How much did the US cut in that period? One half of one percent (0.5%). Portugal was the only country of the 28 listed to cut less -- 0.3%. And Japan and South Korea were the only ones to grow government in that time period, but still came in under the US in government spending as a fraction of GDP, since they started so low.

Government in the US (federal, state and local) in 2007 spent a larger fraction of GDP than did Australia, Ireland, Japan, Slovakia, South Korea and Switzerland (among 28 listed countries). In the Heritage Foundation's latest Index, the US ranks only 6th, below Hong Kong, Singapore, Australia, Ireland and New Zealand, and its score is falling. Our score was 80.7, with Canada breathing down our neck at 80.5.

And that was before the trillion-dollar bailout Bacchanalian debacle.

In short, the US is rapidly losing its standing as the free-market, limited-government leader of the world. While Europe was shrinking its government, the US stood pat. The US is becoming just another European country -- a high-tax, welfare state with a large public sector and rigid work rules.

Unless President Obama governs counter to all his promises, campaign commercials and supporters' wishes, he will only accelerate this trend, not reverse it.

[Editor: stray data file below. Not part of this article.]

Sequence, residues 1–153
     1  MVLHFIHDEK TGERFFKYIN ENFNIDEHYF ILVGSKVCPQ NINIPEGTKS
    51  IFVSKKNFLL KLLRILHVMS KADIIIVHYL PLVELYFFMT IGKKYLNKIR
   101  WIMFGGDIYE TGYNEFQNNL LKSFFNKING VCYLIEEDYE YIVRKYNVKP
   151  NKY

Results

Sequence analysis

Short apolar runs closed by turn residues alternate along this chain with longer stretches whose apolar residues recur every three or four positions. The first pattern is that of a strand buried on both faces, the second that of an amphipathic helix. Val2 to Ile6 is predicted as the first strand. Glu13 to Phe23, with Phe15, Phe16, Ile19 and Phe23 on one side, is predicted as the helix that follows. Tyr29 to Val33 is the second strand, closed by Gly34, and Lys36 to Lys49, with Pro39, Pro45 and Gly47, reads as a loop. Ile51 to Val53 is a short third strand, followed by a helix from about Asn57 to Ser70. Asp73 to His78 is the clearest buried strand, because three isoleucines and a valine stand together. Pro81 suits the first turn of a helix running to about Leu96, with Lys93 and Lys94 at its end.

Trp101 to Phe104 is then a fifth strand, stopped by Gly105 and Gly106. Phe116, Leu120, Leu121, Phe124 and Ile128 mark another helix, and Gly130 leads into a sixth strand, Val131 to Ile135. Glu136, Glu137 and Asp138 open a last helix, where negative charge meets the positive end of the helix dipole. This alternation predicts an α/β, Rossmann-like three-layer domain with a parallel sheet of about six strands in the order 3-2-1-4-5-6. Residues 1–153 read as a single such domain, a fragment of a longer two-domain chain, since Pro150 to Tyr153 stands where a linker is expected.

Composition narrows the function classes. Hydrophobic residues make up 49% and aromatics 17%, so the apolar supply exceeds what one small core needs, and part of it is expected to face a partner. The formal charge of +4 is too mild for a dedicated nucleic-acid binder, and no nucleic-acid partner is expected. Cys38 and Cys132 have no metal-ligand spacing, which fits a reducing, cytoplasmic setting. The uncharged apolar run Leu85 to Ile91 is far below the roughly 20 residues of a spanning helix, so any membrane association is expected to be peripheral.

We already overtook Australia, Ireland and Switzerland by 2007. We'll soon overtake Canada, Spain, Luxembourg and the OECD average. Maybe with our trillion dollar bailouts and stimuli, we already did.

All through this time we have been lied to.

The media called it "laissez-faire capitalism" as the government continued to eat over one third of the economy and regulated us at the equivalent of over 30 New Deals as measured by pages of the Federal Register.
The media called President Bush a free-market extremist, while he increased federal spending from 18.4% of GDP in 2000 to 20.4% in 2006, added prescription coverage to Medicare, teamed up with Ted Kennedy to expand federal spending on education, subsidized ethanol, etc..
The media fed the lie that out-of-control imperialism and warfare increased our defense spending to irresponsible and unsustainable levels. Yet defense spending rose from an historically low 3% of GDP in 2000 to a still-low 4% of GDP as we fought wars in both Iraq and Afghanistan, a level lower than the country experienced for over 50 years, from 1941 to 1994.

The electorate swallowed those lies and elected a man with just 11 years total experience in elective office, only 3 years at the national level, zero military experience and zero executive experience, but the most liberal voting record in the US Senate in 2007.

The conclusion I come to is a sad one: the US is no more.

At least not the US of freedom, free markets and limited government. Just when we should be reinvigorating the US brand of freedom as it had been known for generations, we are accelerating in the exactly opposite direction: salvation through government programs.

Imitating North Korea, Zimbabwe or even France is one way to get "change." Just not the change I was hoping for.

once more into the breach---Sorry I will stop now I realy mean it

DavidS (read Space viking)